Bills and Acts

Summary of latest bill and acts passed or pending in 2018 in Parliament of India with their salient features and issues for Current Affairs 2018 preparation for various examinations.

Category Wise PDF Compilations available at This Link

Lok Sabha passes bill for speedy disposal of commercial disputes

Lok Sabha has passed Commercial Courts, Commercial Division and Commercial Appellate Division of High Courts (Amendment) Bill, 2018. It replaces the ordinance promulgated by President in May 2018 and amends Commercial Courts, Commercial Division and Commercial Appellate Division of High Courts Act, 2015.

The Act enables creation of commercial divisions in High Courts and commercial courts at district level to adjudicate commercial disputes such as disputes related to contracts for provision of goods and services and construction contracts. The amendment is aimed at improving ease of doing business in India.

Key Features of Bill

Reduction in pecuniary limits: Under the parent Act, commercial courts and commercial divisions in High courts can decide commercial disputes with value of at least Rs. 1 crore. The Bill reduces this limit to Rs. 3 lakh.

Establishment of certain commercial courts: The parent Act, empowers state governments to constitute commercial courts at district judge level, after consulting concerned High Court. It had barred such commercial courts to be constituted in cases where High Court has original jurisdiction to hear commercial cases. The Bill removes this bar and allows states to constitute commercial courts where High Courts have original jurisdiction.

Commercial Appellate Courts: The Bills allows state governments to notify commercial appellate courts at the district judge level in areas where High Courts do not have ordinary original civil jurisdiction. These Appellate Courts will hear appeals against order of commercial court below level of district judge.

Mediation: It introduces pre-institution mediation process in cases where no urgent, interim relief is contemplated. This aims to provide for opportunity to parties to resolve commercial disputes outside ambit of courts through authorities. This will also help in reinforcing investor’s confidence in the resolution of commercial disputes.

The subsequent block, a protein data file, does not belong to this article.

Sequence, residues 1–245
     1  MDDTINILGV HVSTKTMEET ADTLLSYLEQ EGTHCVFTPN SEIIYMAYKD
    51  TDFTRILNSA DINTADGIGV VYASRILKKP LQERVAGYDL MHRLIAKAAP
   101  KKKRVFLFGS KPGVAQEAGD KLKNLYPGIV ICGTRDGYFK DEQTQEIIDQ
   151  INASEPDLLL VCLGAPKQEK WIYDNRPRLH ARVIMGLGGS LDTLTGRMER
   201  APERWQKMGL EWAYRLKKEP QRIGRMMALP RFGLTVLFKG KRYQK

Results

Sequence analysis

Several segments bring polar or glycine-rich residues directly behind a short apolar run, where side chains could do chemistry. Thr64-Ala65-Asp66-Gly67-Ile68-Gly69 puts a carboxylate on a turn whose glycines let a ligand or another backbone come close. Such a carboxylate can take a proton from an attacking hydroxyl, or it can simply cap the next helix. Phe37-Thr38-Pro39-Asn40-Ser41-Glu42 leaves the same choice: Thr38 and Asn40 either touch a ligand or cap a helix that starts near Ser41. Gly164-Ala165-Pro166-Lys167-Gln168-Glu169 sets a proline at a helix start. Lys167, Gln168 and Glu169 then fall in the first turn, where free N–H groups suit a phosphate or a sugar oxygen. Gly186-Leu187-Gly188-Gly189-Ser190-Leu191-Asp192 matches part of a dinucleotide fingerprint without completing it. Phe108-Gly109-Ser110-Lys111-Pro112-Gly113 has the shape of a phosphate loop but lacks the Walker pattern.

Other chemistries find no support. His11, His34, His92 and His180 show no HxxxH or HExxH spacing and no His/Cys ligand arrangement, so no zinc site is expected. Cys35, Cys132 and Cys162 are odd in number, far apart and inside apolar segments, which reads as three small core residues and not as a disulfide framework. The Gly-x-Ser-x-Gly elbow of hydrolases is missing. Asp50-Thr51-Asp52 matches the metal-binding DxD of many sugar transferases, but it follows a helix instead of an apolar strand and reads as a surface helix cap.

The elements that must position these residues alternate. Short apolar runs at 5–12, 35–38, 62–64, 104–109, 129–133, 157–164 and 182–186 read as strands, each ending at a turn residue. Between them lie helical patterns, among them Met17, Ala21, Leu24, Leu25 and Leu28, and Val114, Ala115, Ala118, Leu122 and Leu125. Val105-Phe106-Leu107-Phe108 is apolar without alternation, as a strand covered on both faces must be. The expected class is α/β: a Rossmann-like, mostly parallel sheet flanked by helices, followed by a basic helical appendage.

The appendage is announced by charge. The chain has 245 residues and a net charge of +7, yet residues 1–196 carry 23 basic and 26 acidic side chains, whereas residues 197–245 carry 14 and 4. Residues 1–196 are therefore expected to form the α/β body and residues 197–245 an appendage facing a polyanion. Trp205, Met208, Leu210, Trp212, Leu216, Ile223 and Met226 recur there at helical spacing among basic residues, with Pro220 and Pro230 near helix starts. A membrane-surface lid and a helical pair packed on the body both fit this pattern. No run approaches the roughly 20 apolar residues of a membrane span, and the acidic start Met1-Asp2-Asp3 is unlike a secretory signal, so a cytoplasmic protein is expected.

Counterclaims not to be transferred: The Bill removes provision of counterclaim in relation to transfer of suits in a commercial dispute of at least Rs. 1 crore in civil court.

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Lok Sabha passes Insolvency and Bankruptcy Code (Amendment) Bill, 2018

Lok Sabha has passed Insolvency and Bankruptcy Code (Amendment) Bill, 2018 to bring relief to the home buyers and Micro, Small and Medium Enterprises (MSMEs). The Bill replaces ordinance promulgated in this regard and amends the Insolvency and Bankruptcy Code, 2016.

Background

Insolvency and Bankruptcy Code (IBC), 2016 provides time-bound process to resolution of insolvency among companies and individuals. Insolvency is situation where individual or company is unable to repay their outstanding debt. Government in November 2017 had set up Insolvency Law Committee to review IBC and identify issues in its implementation and suggest changes. The Committee had made several recommendations such as exempting MSMEs from certain provisions of IBC, treating allottees under real estate project as financial creditors, reducing voting thresholds of committee of creditors (CoC), among others. Subsequently, President had promulgated Insolvency and Bankruptcy Code (Amendment) Ordinance, 2018 in June 2018 after approval of Central Government.

Key Features of Bill

Status of allottees: The Bill clarifies that allottee under real estate project i.e. buyer of under-construction residential or commercial property will be considered as financial creditor, as amount raised from allottees for financing real estate project has commercial effect of a borrowing.

Representative of financial creditors: It specifies that in certain cases, such as when debt is owed to a class of creditors, the financial creditors will be represented on committee of creditors by authorised representative. These representatives will vote on behalf of financial creditors as per prior instructions received from them.

Voting threshold of committee of creditors: The voting threshold for decisions of committee of creditors has been lowered from 75% to 51%. For certain key decisions of committee like appointment of resolution professional, approval of the resolution plan and increasing time limit for insolvency resolution process threshold has been reduced from 75% to 66%.

Ineligibility to be resolution applicant: Bill amends criteria which prohibits certain persons from submitting resolution plan. It provides that this criterion will not apply if such applicant is financial entity and not related party to debtor with certain exceptions. It specifies that such bar will apply if such guarantee has been invoked by creditor and remains unpaid.

Applicability of Code to Micro, Small, and Medium Enterprises (MSMEs): The Bill specifies that ineligibility criteria for resolution applicants regarding Non Performing Assets (NPAs) and guarantors will not be applicable to persons applying for resolution of MSMEs. It empowers Central government in public interest to modify or remove other provisions of IBC while applying them to MSMEs.

Withdrawal of submitted applications: The Bill increases vote required for withdrawal resolution application from National Company Law Tribunal (NCLT) after such process has been initiated by 90% vote of committee of creditors.

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